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Trump Blames OPEC For ‘Too High’ Oil Prices, Again

Trump

U.S. President Donald Trump criticized OPEC for manipulating oil prices for a second time in as many months, calling the cartel out for oil prices that are ‘too high’.

Early on Wednesday, President Trump tweeted: “Oil prices are too high, OPEC is at it again. Not good!”

This time the U.S. President used fewer words to reiterate his position that “OPEC is at it again”. In his first attack on the oil producing cartel on April 20, President Trump tweeted: “Looks like OPEC is at it again. With record amounts of Oil all over the place, including the fully loaded ships at sea, Oil prices are artificially Very High! No good and will not be accepted!”

At that time, WTI Crude prices were touching $70 a barrel.

In early trade on Wednesday, at 09:22a.m., WTI Crude was down 0.51 percent at $66.02, before the weekly EIA inventory report.

Between the end of April and early June, the market chatter concerning OPEC and allies and their much-talked-about cuts made a U-turn. From reports that Saudi Arabia would be happy to see oil prices at $80 and even $100 a barrel, the most recent speculation, comments, and various reports have started to suggest that Saudi Arabia and Russia are thinking of reversing some of the production cuts in order to offset supply disruptions from Venezuela and possibly from Iran, after President Trump withdrew the United States from the Iran nuclear deal and announced new sanctions on Tehran that will kick in later this year.

Related: The Downside Of Six Figure Salaries In The Permian Boom

Then there was a report that a day before President Trump pulled the United States out of the Iran deal, a senior official of the Trump Administration phoned Saudi Arabia to ask it to help keep oil prices stable should the U.S. decision on Iran disrupt oil supply, Reuters reported last week.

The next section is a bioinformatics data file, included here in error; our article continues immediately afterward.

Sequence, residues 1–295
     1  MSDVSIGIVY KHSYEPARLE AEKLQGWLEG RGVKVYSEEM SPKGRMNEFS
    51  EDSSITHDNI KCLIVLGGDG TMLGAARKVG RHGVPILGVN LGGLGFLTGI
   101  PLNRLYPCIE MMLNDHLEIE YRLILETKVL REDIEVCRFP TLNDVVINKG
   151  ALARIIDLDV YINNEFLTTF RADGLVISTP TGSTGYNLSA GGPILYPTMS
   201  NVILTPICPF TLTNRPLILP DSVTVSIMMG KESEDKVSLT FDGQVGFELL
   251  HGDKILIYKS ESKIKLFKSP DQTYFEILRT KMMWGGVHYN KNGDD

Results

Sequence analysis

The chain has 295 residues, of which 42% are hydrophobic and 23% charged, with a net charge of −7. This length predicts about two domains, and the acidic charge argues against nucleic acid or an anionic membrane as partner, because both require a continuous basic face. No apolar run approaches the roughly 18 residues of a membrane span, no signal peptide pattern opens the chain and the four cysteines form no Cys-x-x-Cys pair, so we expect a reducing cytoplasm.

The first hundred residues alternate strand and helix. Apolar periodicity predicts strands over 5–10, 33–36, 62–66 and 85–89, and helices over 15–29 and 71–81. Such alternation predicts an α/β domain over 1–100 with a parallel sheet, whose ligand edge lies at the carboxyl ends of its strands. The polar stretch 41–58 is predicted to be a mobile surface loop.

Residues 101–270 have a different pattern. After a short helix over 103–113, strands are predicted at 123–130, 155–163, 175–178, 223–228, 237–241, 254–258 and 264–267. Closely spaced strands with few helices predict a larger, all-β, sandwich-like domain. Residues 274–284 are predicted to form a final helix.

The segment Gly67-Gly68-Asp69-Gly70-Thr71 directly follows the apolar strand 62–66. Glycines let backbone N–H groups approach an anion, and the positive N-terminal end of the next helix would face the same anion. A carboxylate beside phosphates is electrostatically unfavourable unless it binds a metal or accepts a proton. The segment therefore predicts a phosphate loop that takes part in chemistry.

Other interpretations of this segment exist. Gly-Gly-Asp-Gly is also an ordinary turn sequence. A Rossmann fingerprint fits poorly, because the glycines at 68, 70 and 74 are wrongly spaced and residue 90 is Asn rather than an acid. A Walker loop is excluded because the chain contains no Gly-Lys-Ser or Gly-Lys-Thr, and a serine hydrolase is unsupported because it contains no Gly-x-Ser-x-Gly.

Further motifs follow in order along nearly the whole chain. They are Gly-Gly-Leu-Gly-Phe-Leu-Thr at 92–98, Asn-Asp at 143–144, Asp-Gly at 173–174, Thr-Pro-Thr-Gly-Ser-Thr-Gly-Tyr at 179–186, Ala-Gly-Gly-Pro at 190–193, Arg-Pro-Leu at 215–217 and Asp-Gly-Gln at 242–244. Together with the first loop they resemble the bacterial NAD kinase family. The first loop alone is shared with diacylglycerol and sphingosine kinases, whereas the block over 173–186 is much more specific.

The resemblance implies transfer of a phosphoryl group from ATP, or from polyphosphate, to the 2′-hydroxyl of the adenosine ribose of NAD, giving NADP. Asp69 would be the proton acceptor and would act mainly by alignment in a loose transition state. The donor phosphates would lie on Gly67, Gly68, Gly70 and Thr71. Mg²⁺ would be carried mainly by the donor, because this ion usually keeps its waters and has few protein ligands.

President Trump’s most recent OPEC-related tweet comes just a week ahead of the OPEC and partners’ meeting in Vienna, during which they will discuss reversing some of the cuts. The meeting is expected to be one of the most contentious summits in recent years, as Iran, Venezuela, and Iraq are against boosting production and are criticizing Saudi Arabia for not having briefed them prior to commenting that production may be raised.

By Tsvetana Paraskova for Oilprice.com

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  • Mamdouh G Salameh on June 14 2018 said:
    This is the second time that President Trump has attacked OPEC for so-called manipulation of oil prices.

    However, this time, his attack comes in the aftermath of his glorified meeting with North Korean leader Kim Jong Un. He returned to the United States with a declaration saying that they both agreed to work towards denuclearization in the Korean peninsula. However, he knows that this is an empty and meaningless declaration because North Korea will never relinquish its nuclear weapons. North Korea has fully learnt the lessons of Iraq and Iran. The Iraq lesson is that Saddam Hussein would have been still in power if he had nuclear weapons. The Iran lesson is an eye-opener for Kim Jung Un strengthening his instinct not to trust any future agreement with the United States and also not to relinquish any of his nuclear weapons.